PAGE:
Nebraska Legislature tries to move past LB574 filibuster
Lawmakers question State Sen. Machaela Cavanugh’s tactics to keep proposed ban on trans healthcare for minors in the forefront
LINCOLN, Neb. (WOWT) - A day after a bill to ban gender-affirming care for minors passed the second of three rounds in the Unicameral, the Nebraska Legislature was supposed to move to other items but did not.
Lawmakers were slated to discuss LB227 on Friday; the bill to map out Department of Health and Human Services reimbursements to hospitals for nursing facilities was first on the agenda.
At the very beginning of the day’s session, she said as long as LB574 exists, she would not be working with anyone, adding that other senators “do not give a hoot about public policy.”
It’s a last-ditch effort to get the bill to ban gender-affirming care for ages 19 and younger off the books.
“You should care about the policy in front of you. You should care about the unconstitutionality of the policy in front of you. You should care about the detriment that it will have on our economy, to our workforce, to our children, to our rights, to our liberties, to our freedoms,” Cavanaugh said.
She said that the bill should never have come to the floor — that more time should have been taken to gather information about the potential impacts and to determine whether a bill like LB574 was even legal.
“You don’t just introduce a bill... That’s not how it works,” she said. “You work on things for years.”
During debate on Thursday, Cavanaugh noted that possibility, pointing out that the bill targets a protected class of people. The bill does not keep teenage girls who identify as girls from getting breast reduction surgery, she said. Nor does it keep teen boys who identify as boys from having surgery to remove excess breast tissue.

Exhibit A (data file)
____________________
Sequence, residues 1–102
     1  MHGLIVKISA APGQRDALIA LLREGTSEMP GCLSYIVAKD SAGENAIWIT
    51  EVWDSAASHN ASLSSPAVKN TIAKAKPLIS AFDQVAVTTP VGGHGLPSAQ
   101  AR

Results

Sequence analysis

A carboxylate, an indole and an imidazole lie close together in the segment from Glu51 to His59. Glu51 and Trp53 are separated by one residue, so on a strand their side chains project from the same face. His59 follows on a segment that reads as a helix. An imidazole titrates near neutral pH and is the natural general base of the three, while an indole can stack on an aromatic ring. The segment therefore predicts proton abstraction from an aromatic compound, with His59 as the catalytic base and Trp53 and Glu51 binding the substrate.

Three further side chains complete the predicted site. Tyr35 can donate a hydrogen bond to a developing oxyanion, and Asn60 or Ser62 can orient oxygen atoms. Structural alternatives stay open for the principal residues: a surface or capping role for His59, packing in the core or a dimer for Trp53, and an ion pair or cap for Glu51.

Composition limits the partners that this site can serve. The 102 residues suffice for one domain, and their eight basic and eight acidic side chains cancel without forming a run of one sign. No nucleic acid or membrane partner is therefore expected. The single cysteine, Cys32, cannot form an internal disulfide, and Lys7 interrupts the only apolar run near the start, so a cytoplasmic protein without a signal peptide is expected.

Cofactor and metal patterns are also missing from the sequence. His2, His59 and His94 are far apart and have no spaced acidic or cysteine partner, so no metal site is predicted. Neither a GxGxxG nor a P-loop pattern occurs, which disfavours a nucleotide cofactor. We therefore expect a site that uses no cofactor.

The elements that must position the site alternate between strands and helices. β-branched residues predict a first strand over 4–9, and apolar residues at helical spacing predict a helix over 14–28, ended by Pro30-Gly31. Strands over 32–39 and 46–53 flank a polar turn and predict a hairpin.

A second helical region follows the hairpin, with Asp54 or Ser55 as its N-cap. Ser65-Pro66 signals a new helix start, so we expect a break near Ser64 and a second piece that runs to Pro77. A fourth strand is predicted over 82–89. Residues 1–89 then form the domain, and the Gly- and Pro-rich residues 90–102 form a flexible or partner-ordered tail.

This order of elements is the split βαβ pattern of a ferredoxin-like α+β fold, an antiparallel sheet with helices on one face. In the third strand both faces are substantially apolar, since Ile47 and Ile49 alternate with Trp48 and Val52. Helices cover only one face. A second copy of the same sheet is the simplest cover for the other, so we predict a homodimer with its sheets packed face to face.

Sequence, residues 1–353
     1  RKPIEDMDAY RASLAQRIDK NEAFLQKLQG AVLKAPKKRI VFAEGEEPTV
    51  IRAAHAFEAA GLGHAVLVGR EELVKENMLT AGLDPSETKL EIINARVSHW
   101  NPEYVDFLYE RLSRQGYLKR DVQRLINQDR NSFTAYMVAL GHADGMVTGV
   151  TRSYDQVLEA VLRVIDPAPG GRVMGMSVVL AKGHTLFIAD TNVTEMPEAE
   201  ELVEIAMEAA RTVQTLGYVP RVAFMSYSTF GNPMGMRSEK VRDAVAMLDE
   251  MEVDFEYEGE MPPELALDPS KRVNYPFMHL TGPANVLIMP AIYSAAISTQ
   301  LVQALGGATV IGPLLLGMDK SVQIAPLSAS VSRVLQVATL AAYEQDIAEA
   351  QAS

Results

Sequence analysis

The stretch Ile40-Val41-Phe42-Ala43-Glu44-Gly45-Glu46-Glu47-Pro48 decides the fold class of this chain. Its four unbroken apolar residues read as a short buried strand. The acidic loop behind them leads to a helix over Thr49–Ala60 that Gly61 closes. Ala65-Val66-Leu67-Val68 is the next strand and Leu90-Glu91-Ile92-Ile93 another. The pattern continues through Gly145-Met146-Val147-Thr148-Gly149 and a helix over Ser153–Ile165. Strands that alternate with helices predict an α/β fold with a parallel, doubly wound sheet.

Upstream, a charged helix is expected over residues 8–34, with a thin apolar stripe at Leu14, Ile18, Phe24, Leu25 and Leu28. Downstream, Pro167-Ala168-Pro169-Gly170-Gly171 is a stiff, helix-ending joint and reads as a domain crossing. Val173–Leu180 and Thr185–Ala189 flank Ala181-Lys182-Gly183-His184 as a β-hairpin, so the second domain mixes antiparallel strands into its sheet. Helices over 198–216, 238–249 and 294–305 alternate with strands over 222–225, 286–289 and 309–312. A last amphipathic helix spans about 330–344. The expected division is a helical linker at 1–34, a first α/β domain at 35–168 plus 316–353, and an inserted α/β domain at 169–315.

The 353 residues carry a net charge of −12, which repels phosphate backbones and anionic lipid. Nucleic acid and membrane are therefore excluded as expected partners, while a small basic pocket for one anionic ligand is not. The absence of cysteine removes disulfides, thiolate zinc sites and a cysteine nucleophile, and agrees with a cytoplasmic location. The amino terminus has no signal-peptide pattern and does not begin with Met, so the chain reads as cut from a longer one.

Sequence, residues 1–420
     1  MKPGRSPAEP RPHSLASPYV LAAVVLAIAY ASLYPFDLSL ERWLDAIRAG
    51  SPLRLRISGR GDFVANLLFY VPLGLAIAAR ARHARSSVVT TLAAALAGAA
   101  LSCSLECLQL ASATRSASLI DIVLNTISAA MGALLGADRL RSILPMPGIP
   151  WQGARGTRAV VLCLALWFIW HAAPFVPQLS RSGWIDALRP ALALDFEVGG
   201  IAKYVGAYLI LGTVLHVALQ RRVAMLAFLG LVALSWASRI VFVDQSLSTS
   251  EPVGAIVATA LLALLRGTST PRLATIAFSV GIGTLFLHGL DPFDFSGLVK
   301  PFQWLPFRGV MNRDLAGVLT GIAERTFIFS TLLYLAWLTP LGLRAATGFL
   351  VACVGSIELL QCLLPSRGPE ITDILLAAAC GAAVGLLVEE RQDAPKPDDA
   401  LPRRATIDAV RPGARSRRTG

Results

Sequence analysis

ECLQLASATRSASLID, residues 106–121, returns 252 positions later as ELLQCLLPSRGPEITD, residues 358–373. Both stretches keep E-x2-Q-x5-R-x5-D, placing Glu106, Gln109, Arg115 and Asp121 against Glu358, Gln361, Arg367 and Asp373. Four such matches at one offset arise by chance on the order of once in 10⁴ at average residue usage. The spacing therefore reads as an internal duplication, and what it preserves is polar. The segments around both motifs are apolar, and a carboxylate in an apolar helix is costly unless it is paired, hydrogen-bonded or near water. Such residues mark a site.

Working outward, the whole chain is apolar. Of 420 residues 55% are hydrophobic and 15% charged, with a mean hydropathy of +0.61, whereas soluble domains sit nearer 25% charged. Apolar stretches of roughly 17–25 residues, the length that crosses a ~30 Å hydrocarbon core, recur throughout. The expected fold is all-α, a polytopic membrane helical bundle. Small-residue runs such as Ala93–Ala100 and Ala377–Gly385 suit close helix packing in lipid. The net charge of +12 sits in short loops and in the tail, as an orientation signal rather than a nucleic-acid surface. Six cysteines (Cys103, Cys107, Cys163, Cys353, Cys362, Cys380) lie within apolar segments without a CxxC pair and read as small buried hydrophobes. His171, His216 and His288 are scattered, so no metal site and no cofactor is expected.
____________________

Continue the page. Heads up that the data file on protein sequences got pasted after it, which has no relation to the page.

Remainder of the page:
“You don’t want to ban top surgery for minors. You want to ban top surgery for transgender minors,” she said. “That is targeting a group of people because of how they identify. And that is discrimination.”
On Friday, Cavanaugh accused some of her colleagues of making their vote on LB574 about her and not the issue.
“What you should not care about it is if Senator Machaela Cavanaugh wins or loses — that should be irrelevant,” she said Friday. “That’s what you did yesterday. You voted to legislate hate because somebody, multiple people, wanted to exact revenge against me.”
For State Sen. Megan Hunt, the issue is deeply personal. She shared on the floor of the Legislature during the bill’s first round that her teenage son is transgender. She has since refused to speak to lawmakers who voted to advance the proposal.
There is one more shot to reach a compromise before the third and final vote. The bill’s sponsor, State Sen. Kathleen Kauth of Omaha has said she’s willing to negotiate; but Cavanaugh and some other senators have questioned whether there have been true efforts to do so.
But some in the chamber noted that Cavanaugh has emphasized that she doesn’t want to talk to anyone who voted to support the bill.
“As long as LB574 is alive, we’ll do this. As long as 574 exists, I’m not working with any of you,” she said. “I’m not going to pull motions, I’m not going to stand down. ... When we saw bills move at a normal pace, that is done. ... We saw where I would have an introducer call me, say there is an amendment that we can make that happen. Nope! Maybe? I don’t know. I’m not going to be accommodating.”
Cavanaugh said she would expand her delay tactics to include introducing nonsensical bills like banning agriculture in Nebraska — though she noted she would be willing to compromise and make an exception for soybeans.
“I look forward to horrible conversations,” she said.
As for the future of LB574, it’s still not clear when that final vote will happen.
Lawmakers wrapped Friday’s session at 3 p.m. with plans to resume debate about LB227 on Monday. Senators are expected to work late nights on Monday, Tuesday, and Wednesday.
The Associated Press and Managing Editor Kevin Westhues contributed to this report.
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